On Oct. 28 the Synod on Synodality released its summary report on its first session.
It’s an appalling document. Commentators have noted that the progressives managing the synodal process came away with few concrete victories. Nothing specific is said, for example, about female or married priests, “transgender” people, or the status and treatment of homosexual relationships.
On the other hand, a great deal is said about outreach, inclusion, and nonjudgmental accompaniment, and about overcoming informal and institutional barriers. So the effect is to encourage progressives in their strategy of turning doctrines and disciplines they don’t like into dead letters by depriving them of effect. After all, these things stand in the way of the full inclusion of those who reject them, so why take them seriously?
In any event, tomorrow is another day. As Pope Francis has repeatedly emphasized, “time is greater than space,” meaning that getting things started is more important than the current state of play. The second session of the Synod will convene next October, so the progressives have a year to find ways to mitigate resistance. And the document is full of calls for further reflection and discussion on disputed issues that would include a very broad range of participants, including social scientists and non-Catholics. Why expect anything specifically Catholic to come out of that?
But substantive issues are less important than what the document says about Catholicism and the Church in general. It’s pervaded by a wholly this-worldly and thus deeply anti-Christian vision that divorces those things from transcendent realities and reduces them to the projects of those running the institution. As the report puts it, “the Church ‘is’ mission”—that is, she can be identified wholly with the things she determines that her members should be doing.
And what are those things? From the report we learn that there are “diverse expressions of being Church,” all of which are evidently to be celebrated, but some are better than others, especially under present circumstances. In particular we find synodality “indicate[s] a mode of being Church that integrates communion, mission and participation” and is the uniquely right path to follow today.
That path involves an open-ended process of mutual listening involving the whole Church, and even those outside of her, guided by appropriately qualified facilitators. Those participating are to put aside preconceptions and try to arrive at common understandings that take into account all experiences and concerns—especially those of the poor and marginalized—regarding the needs of the Church, her members, and the world.
It appears that these needs are primarily the social concerns emphasized by progressives, such as peace, poverty, racism, sexism, migration, climate change, the difficulties suffered by people not in traditional family relationships, and so on. They don’t seem to include anything relating to social cohesion and functioning, except to the extent these might be promoted by universal, mutual, nonjudgmental acceptance and accompaniment.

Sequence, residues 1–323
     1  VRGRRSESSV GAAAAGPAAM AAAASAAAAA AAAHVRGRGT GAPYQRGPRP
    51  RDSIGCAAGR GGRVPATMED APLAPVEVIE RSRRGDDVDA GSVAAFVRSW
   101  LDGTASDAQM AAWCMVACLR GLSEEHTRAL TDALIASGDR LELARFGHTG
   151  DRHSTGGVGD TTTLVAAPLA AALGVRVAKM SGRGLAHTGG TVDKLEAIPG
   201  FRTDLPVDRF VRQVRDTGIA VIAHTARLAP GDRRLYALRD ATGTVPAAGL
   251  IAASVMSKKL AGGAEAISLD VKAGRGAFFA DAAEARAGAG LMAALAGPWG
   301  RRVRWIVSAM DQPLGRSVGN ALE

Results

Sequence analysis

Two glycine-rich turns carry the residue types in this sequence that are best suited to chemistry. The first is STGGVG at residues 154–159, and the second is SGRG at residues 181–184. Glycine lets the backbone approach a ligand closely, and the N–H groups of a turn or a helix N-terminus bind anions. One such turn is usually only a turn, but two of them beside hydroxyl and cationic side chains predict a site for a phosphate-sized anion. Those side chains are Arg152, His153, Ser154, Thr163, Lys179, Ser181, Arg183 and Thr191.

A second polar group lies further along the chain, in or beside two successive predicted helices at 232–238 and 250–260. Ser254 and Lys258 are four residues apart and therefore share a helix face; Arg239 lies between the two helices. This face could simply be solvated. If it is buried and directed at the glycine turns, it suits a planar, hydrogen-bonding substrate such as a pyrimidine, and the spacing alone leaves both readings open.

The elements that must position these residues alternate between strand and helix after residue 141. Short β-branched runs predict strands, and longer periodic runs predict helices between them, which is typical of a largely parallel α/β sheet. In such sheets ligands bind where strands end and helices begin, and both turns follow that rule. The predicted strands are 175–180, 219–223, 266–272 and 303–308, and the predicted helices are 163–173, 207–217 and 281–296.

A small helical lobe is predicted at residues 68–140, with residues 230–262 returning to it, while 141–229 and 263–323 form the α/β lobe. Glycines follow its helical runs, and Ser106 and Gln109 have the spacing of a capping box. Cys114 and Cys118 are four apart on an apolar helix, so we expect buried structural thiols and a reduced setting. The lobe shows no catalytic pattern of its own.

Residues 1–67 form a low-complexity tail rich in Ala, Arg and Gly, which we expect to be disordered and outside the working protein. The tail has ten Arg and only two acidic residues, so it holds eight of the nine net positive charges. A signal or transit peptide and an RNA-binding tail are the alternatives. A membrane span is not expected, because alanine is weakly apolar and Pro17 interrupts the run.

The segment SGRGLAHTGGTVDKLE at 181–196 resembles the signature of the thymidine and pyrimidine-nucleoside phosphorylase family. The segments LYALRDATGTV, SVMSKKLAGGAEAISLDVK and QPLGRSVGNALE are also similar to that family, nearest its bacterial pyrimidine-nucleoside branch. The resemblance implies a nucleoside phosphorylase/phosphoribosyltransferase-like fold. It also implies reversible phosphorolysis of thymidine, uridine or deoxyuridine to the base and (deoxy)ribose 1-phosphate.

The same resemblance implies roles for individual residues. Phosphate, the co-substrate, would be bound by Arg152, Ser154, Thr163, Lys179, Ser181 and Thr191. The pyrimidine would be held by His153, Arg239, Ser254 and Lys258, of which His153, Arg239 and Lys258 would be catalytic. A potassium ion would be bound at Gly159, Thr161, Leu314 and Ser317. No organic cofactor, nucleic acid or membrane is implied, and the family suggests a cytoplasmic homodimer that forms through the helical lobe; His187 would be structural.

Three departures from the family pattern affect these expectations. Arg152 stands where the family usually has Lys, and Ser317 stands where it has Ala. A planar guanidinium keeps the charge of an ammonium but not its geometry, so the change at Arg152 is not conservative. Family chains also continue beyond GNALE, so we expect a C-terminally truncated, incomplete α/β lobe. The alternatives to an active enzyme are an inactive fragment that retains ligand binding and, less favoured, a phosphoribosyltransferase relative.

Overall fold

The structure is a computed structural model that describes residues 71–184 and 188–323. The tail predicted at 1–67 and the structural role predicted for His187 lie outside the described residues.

Thus, no concern is expressed for the stability and functioning of nonbureaucratic social arrangements, like particular cultures and the natural family, that allow ordinary people to lead productive and rewarding lives in community with others. Nor does the report concern itself with the knowledge and love of God, except as implicit in concern for this-worldly well-being. The contemplative spirit is wholly alien to it.
The attention devoted by the Synod to the “Pact of the Catacombs,” a document signed by progressive participants in the Second Vatican Council that prefigured liberation theology, confirms that the needs with which the Synod concerns itself are to met symbolically by gestures of solidarity but practically through state action on a global scale.
Be that as it may, Catholicism is apparently to be defined by the process and its content identified with whatever comes out of it. As the report puts it, “synodical processes … allowing the existence of that consensus of the faithful (consensus fidelium) to be confirmed. This process provides a sure criterion for determining whether a particular doctrine or practice belongs to the Apostolic faith.” So if you want to know if something is Catholic, you should look to the synodal process for clarification. As many have said, to distrust it is to distrust the Holy Spirit.
With that in mind, it is not surprising that apart from references to the current pope and the Second Vatican Council, along with vague invocations of Jesus, the Trinity, Baptism, Confirmation, and the Eucharist, which together somehow guarantee that the synodal Church will be the vehicle of the Holy Spirit, appeals to the usual Catholic sources of authority are absent. Since tradition is dynamic, and so is the Trinity, why not pay attention to dynamism rather than bygone forms?
But how significant is all this? The report has no weight as a teaching document, and the pope is extremely skittish about changing Catholic doctrine—he knows he can’t do it—but the Synod is a striking example of how the tendencies that have done so much to diminish the Church’s place in her members’ lives have been boosted during the current pontificate.
It’s hard to imagine why anyone, apart from activists who want to change Church teaching and ecclesiastical bureaucrats who like going to meetings and producing documents, would want to bother with a Catholic Church reconfigured in accordance with the vision presented in this document. Whatever the new synodality promotes, it won’t be its stated goals.
To the extent the consensus of Catholics attached to the Church is the standard, the Synod on Synodality looks like a flop. May it be seen in the future as the last gasp in the Catholic Church of the same failed approach that has destroyed the Protestant mainstream in the West.